HOW TO (LEGALLY) stay IN EUROPE FOR a lot more THAN 90 DAYS

Last Updated: 9/13/21 | September 13th, 2021

When I planned my step to Sweden a few years ago, I tried to figure out how to get past the 90-day limit placed on vacationer visas in the Schengen Area. This is a problem encountered by thousands of travelers annually and a question that frequently (especially this time of year) pops up in my inbox.

“How can I stay in Europe for a lot more than 90 days?”

It’s a basic question with a very complicated answer.

I always knew it was complicated, but until I started researching how to stay there longer, I never knew just how complicated.

Fortunately, in the process of this research, I came to learn there are a few ways to stay in Europe longer than 90 days; they just aren’t well known.

This post will show you the options for staying in Europe over 90 days as well as give you ideas on how to step to Europe. but first a few things:

It’s crucial to note that Europe isn’t just one place — there are varying visa policies throughout the continent. When people talk about the “90-day limit,” they’re talking about restrictions on the Schengen Area, which is the visa policy that governs 26 countries in Europe. It includes all of the European Union — except Ireland — as well as a few non-EU countries.

Note: While I call it the “Schengen Visa,” it’s not an actual visa you necessarily need to apply for. depending on your residency status and country of citizenship, you may need to apply in development for a Schengen Visa, however, those with an American passport do not need to apply in advance.

Table of Contents

What is the Schengen Visa?

Part 1: staying or moving to Europe the easy Way

Part 2: staying in the Schengen area past 90 Days

Can You extend Your Schengen Visa/Stamp?

Getting a working holiday Visa

Getting a Long-Term-Stay Visa

Student Visas

Freelancer Visas

Marriage Visas

Further Europe travel planning Articles

 

What is the Schengen visa?

The Schengen visa is a 90-day vacationer visa for Schengen Area countries, which are:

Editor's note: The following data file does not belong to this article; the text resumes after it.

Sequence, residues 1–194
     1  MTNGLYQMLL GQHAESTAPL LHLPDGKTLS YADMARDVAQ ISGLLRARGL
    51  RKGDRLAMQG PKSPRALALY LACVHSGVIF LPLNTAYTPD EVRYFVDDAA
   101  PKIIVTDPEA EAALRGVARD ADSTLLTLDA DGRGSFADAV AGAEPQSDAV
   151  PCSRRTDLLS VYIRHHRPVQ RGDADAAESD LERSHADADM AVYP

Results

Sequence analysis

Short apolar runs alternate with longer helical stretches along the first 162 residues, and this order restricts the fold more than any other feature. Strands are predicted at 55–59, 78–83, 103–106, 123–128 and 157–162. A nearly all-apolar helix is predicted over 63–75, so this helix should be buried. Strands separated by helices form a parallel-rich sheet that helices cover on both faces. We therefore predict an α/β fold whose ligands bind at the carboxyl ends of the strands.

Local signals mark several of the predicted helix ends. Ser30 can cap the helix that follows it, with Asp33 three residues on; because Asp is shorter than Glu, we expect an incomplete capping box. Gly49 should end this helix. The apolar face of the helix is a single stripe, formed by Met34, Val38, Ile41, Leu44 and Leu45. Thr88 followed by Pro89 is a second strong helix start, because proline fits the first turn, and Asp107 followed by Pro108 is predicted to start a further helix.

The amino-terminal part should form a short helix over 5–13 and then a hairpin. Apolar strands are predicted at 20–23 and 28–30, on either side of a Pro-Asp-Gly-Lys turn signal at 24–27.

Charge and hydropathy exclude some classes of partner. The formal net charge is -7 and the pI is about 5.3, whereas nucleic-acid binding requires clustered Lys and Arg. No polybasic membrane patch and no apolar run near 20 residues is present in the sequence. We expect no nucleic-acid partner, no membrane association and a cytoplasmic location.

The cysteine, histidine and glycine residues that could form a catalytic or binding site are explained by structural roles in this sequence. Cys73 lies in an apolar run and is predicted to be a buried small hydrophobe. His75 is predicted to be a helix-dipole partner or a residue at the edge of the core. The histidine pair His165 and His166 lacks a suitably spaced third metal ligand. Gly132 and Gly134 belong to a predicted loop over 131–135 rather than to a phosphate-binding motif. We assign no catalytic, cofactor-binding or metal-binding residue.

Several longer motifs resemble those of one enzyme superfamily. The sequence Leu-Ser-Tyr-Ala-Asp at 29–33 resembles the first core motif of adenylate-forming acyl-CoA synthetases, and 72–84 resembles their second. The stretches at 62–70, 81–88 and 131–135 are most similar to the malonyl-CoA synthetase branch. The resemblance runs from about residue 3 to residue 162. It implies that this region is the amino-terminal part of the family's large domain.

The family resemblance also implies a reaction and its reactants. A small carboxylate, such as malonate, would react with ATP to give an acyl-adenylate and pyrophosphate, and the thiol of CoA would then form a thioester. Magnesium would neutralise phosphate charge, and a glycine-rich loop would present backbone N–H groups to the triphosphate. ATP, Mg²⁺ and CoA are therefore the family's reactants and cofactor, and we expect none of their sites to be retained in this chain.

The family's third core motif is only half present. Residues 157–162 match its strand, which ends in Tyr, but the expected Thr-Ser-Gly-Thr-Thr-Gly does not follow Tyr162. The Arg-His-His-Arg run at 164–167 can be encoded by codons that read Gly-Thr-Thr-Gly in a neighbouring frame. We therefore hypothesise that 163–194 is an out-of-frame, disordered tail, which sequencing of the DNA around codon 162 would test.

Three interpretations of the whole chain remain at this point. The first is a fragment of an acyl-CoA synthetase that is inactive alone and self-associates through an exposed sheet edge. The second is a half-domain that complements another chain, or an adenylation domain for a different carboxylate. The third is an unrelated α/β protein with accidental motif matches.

Austria

Belgium

Czechia

Denmark

Estonia

Finland

France

Germany

Greece

Hungary

Iceland

Italy

Latvia

Lithuania

Liechtenstein

Luxembourg

Malta

Netherlands

Norway

Poland

Portugal

Slovakia

Slovenia

Spain

Sweden

Switzerland

 
Additionally, there are several microstates that are de facto members of the Schengen Area. These are Monaco, San Marino, and Vatican City.

These Schengen countries have a border-free visa agreement that lets residents step throughout the area without needing to show their passport whenever they cross a border. Essentially, it’s as if they’re one country, and you can step as freely as you want.

Citizens of lots of countries are allowed to enter the Schengen area without having to get a visa beforehand. Your passport simply gets stamped upon your arrival and departure from Europe. You’re allowed to enter and leave from any country you want — they don’t have to be the same.

Here is a map of the countries with visa waivers that can enter the Schengen without requiring a visa in advance.

Most visitors (including Americans) are allowed to spend 90 days in the Schengen area in every 180-day period. The easiest way to think of it is that you can check out for 3 months and then you have to leave for 3 months before you can return.

However, you can also bounce back and forth between Schengen and non-Schengen countries — you just need to keep track of all your dates of entry/exit.

When I check out Europe, I fly in and out of different countries all the time. Your first entry in the 180-day period is when your 90-day counter starts. these days don’t need to be consecutive — the total is cumulative. once day 181 hits, the count resets itself.

For example, if I come to the Schengen area in January and stay for 60 days and then come back in June for 10 days, that counts as 70 days in 180 days. only days you are in the zone during the period count. If you go on January 1st and stay 90 straight days, you have to leave and technically can’t come back until July 1st.

However, not all travelers are allowed such freedom.

Citizens from lots of countries need to apply for a Schengen visa ahead of time. You’ll be required to fill out paperwork beforehand and fly in and out of the country for which your visa is issued.

Even then, you still might not be approved a visa. Spoiler alert: citizens from African and Asian countries get screwed.

So, with that being said, how DO you stay in Europe longer? how do you get around that rule? let me break it down for you.
 

Part 1: staying or moving to Europe the easy Way